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NIU football: MAC-title game bound Huskies all-too familiar with Detroit

Battle anticipated in the trenches between NIU’s D-line, Bulls’ O-line

NIU wide receiver Spencer Tears runs after a catch against Miami (Ohio) on Nov. 14 in DeKalb.
NIU wide receiver Spencer Tears runs after a catch against Miami (Ohio) on Nov. 14 in DeKalb.

DeKALB – The contrast between Northern Illinois and Buffalo’s respective histories with the Mid-American Conference Championship Game is stark.

Heading into Friday’s battle between the teams for the 2018 title, NIU is making its seventh appearance in the past nine years and 10th overall. Buffalo is making only its second appearance.

“It fuels me a lot. It fuels my brothers. My teammates. All of us,” redshirt junior wide receiver Spencer Tears said of the Huskies’ history in Detroit. “It’s a lot of fuel to the fire because you don’t want to let your former brothers or teammates down. You always want to keep that legacy going, and you want to pass it down to the next generation or the young cats underneath you so when you leave, they know what’s to be expected and how things are supposed to be done at Northern Illinois.”

Buffalo (10-2, 7-1), has only made the MAC Championship Game once before this year, having joined the MAC the year after the title game’s inception in 1997. Riding the wave from its highest win total in program history, the Bulls enter the game with an offense filled to the brim with athletes full of immense talent and the statistics to prove it.

The Bulls lay claim to NFL-caliber talents at quarterback (junior Tyree Jackson) and wide receiver (Anthony Johnson) in addition to defensive stalwart Khalil Hodge (linebacker). Chuck Harris is an aggressive edge defender, as well.

Jackson and Johnson are complemented by skill at other spots at wide receiver in K.J. Osborn and running backs James Paterson and Kevin Marks.

The young running back duo’s combined total of 1,607 rushing yards and 23 touchdowns isn’t the most threatening part to the offense to observers entering this game, as NIU opponents are averaging a menial 2.6 yards a rush this season.

“They have some really special wideouts,” NIU coach Rod Carey said. “They can beat you over the top on a designed play. They can take it the distance by catching it underneath, making a quick move and getting vertical on a broken play. They stay alive very well.”

The big-play ability Jackson possesses between Osborn and Johnson is glaring. Lesser-known Charlie Jones also has averaged 22.2 yards a catch on 17 receptions.

“Probably where he’s the most devastating at quarterback is when he gets out of the pocket and throws the deep ball because he can throw it a country mile,” Carey said. “But most guys that can throw it that far can’t hit the broad side of the barn, and he can drop it in a bucket.”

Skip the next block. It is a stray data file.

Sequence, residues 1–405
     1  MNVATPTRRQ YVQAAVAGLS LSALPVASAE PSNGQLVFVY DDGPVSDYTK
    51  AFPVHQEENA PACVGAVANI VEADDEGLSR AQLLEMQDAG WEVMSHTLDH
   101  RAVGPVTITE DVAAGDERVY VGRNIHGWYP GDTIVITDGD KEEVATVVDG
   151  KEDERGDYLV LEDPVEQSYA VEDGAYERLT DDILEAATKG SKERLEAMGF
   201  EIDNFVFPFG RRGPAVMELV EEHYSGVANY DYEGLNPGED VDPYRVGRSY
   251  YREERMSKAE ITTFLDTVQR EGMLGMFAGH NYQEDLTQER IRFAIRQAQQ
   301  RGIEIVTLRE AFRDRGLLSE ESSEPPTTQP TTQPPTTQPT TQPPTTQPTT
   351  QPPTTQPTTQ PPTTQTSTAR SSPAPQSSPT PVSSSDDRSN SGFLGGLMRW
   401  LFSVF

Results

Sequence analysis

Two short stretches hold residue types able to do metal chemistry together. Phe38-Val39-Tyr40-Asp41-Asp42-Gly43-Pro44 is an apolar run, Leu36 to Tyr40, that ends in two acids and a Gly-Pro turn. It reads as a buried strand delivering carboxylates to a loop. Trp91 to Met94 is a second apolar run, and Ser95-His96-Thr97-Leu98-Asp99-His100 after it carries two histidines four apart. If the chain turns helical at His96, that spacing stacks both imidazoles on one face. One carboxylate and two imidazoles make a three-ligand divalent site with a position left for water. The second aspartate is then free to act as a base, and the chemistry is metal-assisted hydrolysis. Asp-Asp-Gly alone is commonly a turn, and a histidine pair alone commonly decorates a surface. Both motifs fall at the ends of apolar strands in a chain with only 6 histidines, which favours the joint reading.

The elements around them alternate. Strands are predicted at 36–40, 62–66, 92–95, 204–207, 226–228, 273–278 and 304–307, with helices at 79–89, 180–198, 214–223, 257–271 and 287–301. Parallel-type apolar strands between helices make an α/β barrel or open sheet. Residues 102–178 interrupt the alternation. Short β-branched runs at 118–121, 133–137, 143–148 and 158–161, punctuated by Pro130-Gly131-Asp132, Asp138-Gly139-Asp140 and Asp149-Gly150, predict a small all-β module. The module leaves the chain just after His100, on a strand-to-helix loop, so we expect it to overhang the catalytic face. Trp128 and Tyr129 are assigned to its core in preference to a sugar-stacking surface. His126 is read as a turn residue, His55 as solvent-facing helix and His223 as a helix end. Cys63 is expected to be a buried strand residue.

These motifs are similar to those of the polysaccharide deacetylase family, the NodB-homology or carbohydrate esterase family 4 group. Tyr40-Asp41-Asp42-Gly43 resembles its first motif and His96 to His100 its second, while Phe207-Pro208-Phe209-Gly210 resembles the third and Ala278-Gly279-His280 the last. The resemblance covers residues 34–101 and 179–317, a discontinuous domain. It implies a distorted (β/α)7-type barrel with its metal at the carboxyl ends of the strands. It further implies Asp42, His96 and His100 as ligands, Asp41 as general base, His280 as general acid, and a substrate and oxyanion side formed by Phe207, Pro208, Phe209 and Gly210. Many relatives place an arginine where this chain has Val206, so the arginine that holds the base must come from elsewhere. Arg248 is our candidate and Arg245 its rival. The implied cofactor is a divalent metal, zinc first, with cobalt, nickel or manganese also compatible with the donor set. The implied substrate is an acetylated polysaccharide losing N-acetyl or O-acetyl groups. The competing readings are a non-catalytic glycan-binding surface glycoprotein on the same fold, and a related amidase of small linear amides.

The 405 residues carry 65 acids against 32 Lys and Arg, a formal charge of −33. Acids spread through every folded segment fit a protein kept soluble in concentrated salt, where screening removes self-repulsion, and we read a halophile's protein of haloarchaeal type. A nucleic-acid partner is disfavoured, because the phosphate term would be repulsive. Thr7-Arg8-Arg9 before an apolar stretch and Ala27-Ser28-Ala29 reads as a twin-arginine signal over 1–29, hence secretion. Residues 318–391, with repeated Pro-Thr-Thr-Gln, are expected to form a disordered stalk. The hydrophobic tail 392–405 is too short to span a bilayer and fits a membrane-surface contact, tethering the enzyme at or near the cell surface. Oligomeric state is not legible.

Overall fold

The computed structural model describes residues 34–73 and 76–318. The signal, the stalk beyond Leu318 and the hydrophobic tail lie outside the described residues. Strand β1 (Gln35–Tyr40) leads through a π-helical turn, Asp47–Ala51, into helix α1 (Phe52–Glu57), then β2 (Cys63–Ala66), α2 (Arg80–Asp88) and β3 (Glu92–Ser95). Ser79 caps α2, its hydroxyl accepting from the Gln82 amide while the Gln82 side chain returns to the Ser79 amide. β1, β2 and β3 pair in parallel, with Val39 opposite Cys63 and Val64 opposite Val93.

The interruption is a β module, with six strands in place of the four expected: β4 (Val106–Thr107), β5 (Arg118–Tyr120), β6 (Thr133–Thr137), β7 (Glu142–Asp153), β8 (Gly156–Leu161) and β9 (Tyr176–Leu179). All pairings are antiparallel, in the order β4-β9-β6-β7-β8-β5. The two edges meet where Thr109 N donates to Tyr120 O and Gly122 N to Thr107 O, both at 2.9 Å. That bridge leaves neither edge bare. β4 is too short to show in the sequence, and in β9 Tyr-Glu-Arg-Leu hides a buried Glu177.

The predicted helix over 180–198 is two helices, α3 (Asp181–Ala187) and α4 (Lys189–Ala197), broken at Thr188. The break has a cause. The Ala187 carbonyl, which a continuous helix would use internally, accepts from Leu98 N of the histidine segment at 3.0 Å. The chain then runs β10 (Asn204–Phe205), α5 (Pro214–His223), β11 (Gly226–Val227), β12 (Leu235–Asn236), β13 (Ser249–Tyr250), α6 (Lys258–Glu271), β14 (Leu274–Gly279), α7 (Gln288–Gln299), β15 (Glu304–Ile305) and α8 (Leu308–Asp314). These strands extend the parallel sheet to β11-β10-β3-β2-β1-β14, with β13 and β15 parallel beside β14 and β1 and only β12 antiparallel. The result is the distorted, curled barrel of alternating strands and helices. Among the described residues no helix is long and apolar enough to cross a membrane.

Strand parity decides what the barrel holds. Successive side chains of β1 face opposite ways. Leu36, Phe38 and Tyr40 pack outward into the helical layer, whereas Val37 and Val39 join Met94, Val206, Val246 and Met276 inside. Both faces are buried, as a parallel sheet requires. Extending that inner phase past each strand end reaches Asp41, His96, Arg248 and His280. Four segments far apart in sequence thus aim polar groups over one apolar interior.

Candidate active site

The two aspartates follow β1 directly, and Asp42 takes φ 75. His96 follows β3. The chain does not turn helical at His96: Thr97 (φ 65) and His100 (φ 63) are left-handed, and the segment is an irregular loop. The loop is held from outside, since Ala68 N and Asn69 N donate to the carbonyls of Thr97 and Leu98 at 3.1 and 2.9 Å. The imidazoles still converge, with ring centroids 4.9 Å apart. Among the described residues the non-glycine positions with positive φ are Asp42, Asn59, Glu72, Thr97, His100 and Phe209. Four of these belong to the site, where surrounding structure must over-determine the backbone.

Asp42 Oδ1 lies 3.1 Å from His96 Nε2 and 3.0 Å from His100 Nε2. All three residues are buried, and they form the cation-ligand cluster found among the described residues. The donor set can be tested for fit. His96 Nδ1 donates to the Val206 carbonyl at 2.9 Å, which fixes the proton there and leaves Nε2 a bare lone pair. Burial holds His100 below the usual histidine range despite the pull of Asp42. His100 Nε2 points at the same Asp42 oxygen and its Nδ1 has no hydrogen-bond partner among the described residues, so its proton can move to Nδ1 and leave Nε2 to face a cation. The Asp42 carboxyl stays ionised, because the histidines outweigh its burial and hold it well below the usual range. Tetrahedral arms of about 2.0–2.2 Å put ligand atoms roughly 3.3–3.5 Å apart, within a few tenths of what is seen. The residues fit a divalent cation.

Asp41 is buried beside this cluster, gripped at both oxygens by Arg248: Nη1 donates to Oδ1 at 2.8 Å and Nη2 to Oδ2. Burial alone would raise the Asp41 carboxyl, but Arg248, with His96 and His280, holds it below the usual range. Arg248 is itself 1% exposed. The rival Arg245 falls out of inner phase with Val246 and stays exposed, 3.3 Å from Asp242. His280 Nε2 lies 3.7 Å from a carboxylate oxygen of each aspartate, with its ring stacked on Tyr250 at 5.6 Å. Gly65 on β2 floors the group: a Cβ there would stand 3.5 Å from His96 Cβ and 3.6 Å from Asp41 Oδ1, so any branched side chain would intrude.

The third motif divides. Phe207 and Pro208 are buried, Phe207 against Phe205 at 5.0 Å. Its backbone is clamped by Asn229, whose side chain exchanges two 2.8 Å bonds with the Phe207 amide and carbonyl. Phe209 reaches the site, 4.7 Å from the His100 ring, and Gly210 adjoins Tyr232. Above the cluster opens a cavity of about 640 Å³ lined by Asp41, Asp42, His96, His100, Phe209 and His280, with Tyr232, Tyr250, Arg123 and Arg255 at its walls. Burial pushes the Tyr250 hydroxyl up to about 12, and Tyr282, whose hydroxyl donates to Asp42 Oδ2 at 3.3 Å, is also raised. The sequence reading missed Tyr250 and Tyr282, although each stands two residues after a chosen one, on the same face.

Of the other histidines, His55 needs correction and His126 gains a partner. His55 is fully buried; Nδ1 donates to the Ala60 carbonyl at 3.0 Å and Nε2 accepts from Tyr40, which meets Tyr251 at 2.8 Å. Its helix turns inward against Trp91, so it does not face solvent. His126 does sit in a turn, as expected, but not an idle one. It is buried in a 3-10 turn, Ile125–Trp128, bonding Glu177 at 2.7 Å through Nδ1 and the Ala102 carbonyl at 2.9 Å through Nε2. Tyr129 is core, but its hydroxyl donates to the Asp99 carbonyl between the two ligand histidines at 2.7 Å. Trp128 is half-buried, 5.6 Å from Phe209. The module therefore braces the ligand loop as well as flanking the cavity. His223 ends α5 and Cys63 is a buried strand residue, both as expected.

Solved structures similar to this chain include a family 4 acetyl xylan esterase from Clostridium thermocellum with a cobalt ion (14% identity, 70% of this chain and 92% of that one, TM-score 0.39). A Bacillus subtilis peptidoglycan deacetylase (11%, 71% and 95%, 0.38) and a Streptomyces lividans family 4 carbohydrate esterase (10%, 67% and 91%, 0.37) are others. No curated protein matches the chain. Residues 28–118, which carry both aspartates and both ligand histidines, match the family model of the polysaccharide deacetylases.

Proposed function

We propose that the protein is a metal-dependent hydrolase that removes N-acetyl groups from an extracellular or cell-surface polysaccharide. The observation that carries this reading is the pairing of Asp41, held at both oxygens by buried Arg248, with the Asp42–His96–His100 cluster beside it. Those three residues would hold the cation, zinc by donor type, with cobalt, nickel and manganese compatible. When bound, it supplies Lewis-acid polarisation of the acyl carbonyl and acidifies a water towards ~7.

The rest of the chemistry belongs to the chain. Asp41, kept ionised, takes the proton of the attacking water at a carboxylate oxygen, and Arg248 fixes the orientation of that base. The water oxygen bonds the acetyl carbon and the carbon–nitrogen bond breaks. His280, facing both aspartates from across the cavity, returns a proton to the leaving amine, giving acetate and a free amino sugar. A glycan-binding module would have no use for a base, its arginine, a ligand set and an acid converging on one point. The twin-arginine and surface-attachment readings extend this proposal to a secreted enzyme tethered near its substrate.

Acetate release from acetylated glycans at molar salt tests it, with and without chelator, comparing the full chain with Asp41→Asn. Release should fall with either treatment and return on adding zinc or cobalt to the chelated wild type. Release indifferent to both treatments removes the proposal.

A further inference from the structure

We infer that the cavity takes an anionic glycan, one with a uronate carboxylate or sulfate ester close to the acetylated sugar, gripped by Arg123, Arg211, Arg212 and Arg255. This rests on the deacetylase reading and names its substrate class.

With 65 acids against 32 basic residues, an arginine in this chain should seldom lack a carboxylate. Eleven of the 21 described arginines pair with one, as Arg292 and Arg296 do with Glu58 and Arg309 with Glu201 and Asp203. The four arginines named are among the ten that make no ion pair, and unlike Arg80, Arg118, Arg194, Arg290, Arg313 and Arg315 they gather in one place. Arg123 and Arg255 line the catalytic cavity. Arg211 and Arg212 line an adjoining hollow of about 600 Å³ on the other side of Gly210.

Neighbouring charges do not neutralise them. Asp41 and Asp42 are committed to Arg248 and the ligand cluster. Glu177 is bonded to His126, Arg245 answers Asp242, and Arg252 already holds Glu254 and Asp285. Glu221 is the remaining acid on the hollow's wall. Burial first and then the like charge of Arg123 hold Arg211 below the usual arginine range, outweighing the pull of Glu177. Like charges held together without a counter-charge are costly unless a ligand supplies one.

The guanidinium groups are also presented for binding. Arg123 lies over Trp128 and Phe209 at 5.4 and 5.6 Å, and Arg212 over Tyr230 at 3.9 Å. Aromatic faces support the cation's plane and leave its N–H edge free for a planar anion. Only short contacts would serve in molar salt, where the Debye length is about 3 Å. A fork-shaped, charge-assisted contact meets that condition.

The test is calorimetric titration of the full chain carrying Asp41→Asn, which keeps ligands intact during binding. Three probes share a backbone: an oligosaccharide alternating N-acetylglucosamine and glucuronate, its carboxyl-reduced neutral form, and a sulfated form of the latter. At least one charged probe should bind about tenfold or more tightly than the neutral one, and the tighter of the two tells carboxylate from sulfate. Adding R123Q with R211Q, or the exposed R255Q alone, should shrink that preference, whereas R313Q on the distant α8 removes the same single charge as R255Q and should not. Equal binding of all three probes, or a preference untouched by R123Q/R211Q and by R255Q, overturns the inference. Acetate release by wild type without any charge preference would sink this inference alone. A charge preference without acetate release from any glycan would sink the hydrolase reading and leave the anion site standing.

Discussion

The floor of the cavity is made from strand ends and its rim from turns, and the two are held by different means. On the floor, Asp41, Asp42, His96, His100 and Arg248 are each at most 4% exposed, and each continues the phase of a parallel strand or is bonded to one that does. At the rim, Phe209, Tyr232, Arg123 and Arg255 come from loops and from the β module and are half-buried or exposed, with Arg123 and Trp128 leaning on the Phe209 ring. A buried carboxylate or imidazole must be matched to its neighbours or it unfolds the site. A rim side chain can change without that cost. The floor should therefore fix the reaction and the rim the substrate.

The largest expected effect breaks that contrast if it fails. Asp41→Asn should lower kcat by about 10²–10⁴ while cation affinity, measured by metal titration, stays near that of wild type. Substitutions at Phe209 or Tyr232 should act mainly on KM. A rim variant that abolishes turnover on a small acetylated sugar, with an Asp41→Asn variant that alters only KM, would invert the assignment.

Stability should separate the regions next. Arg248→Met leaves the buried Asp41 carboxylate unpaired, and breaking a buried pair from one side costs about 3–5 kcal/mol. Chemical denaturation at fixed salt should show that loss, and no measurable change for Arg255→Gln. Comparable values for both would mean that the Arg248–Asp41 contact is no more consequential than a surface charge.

“Their quarterback, he throws a great deep ball. And they’ve got some big receivers,” NIU defensive coordinator Jeff Knowles said. “[Johnson], he’s definitely a guy they throw some up to. On those 50-50 balls, the offense looks at them as 50-50, they have got to be more like 90-10. We’ve got to stop that. That again, a big part of that will be the front guys. We’ve got to get there.”

The Huskies’ defensive front that leads the nation with 46 sacks will go to battle with a Buffalo offensive line that has yielded only eight sacks this year, the third-best total in the country.

“I think our offensive line has done an outstanding job all season,” Buffalo coach Lance Leipold said. “It has kind of been one that’s sometimes forgotten. I think the balance we’ve been able to create running and passing is definitely attributed to their skill set and their ability to work at both.”

Without defensive end Josh Corcoran for the first half because of a targeting call at Western Michigan, Matt Lorbeck and Quintin Wynne should factor into the first half heavily.

“I feel bad for Josh that he has got to miss this opportunity for something I think is ridiculous, but it’s – I feel more bad for him than I am worried about us,” Knowles said. “Our guys have played football. It’s not like, ‘Oh, we’ve got to put someone in there who has never seen the field in a key moment’ or anything like that. We’ve got guys that we trust, and we don’t expect any drop-off.”

Buffalo’s defense is led by Hodge and defensive end Chuck Harris, who has missed some action because of injury as late as the Toledo game Oct. 20.

NIU’s offense comes in having been inconsistent at times throughout much of the season, the past two weeks included. The Huskies’ offense is ranked 10th out of 12 teams in the MAC in yardage a game (318), 11th in passing offense (141.3 a game) and 11th in scoring offense at 19.9 points a game.

The Huskies are coming off consecutive losses after they already had clinched the title-game berth.

“I wouldn’t necessarily that we lost focus or anything with those two games, I would just say it was a little it of lack of execution with the gameplay,” Tears said.

Christopher Perez will miss his third game out of his past four with lingering ankle trouble. Tifonte Hunt was described as “50-50” in terms of playing in Friday’s game. Others who are banged up include Trayshon Foster, Marcus Jones and Mitchell Brinkman, all of whom Carey intends to play, according to what he said Tuesday.

“It’s a great feeling to go back to Detroit,” NIU redshirt junior linebacker Antonio Jones-Davis said. “Obviously, we’ve got a bad taste in our mouth from the last time we were there in our bowl game. We want to get a victory in Detroit this time.”

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